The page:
Writing Magic: Width and Depth

Width and depth are terms that allow us to discuss magic availability.

Width is how broadly available magic is. A narrow magic system is one that’s only available to a very small number of people. A wide magic system is one that is available to many people, or even all people. Width can either be due to genetic traits, appointment, or difficulty in learning magic.

However, scientific systems – systems were magic is available to anyone with the resources and the desire to learn it – are difficult to classify in terms of width. While genetic selection or appointment is a hard and fast way of determining width, systems like those in Fullmetal Alchemist could be more widely available to the people of that universe, but, for whatever reason, are restricted to a small number of people. These systems, then, generally have a large precasting time investment to learn theory, and the methods magic makes available are generally not any more efficient or useful than nonmagical methods.

Continuing with the example of Fullmetal Alchemist, this is a system made thin, again, largely by the time required to learn the system (and all the inscriptional invocations), but also by the exponentially increasing labor required for any kind of effect beyond the immediate vicinity of the caster.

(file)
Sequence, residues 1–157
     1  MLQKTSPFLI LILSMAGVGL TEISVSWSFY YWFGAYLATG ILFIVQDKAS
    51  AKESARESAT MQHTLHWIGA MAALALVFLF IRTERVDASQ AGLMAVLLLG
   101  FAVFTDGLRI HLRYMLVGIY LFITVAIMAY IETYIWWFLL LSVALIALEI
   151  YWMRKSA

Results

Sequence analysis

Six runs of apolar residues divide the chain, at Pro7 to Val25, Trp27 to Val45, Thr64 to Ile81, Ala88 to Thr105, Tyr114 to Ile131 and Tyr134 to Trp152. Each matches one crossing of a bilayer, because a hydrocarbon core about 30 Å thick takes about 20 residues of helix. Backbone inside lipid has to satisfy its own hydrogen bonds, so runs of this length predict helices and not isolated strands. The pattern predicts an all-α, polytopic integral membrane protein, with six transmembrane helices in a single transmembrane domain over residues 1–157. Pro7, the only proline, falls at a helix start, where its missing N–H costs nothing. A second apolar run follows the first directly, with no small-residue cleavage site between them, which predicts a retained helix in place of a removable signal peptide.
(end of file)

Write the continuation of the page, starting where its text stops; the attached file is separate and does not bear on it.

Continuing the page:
Depth is NOT how complex the system is. (At least, not in this context). Instead, depth is how much magic a single person can accumulate in a given system. Is a person limited to just a few simple spells? Or are there a multitude of spells that cover every conceivable situation, and a number of inconceivable ones?

In this way, a system like Allomancy in Mistborn is a very shallow one: most casters only have access to one ability. Meanwhile, Harry Potter opens casters up to a depth of magic one can imagine is only barely touched on in the books.

Brandon Sanderson categorizes magic systems along a spectrum from “soft” to “hard.” I posit that a system’s depth is inversely correlated with its hardness. (This is just a generalization: individual systems may vary). This is to say, the fewer spells that are allowed in a system, the more narrative space can be devoted to examining those few spells in full. On the other hand, when a system is very deep, there isn’t enough time to cover all the functions, or the ins and outs of how the system works.

So when a narrative contains a very deep system, it generally focuses on a small number of effects. In Harry Potter, this is the Patronus Charm and the basics of wand ownership. In Warbreaker, it’s Breath transfer, command codes, and some basics of Awakening. In the prototypical medieval fairy story, the only hard part of magic is how to undo whatever curse has been placed on the protagonist.

But beyond all this, shallow systems are generally easier to write, particularly for urban fantasies1. A small number of effects are easier to integrate into a world. In the case of deep systems, the effort of worldbuilding a relatively alien culture dependent on all sorts of magic is generally minimized by narrowing the system, thus restricting magic to a small subset of the inhabitants. Lord of the Rings restricts magic to the wizards, elves, and a couple objects. Easiest, then, are shallow, narrow systems, such as Allomancy, in which a small number of genetically selected people possess a single spell.

1Wait, do fairy stories count as urban fantasy?


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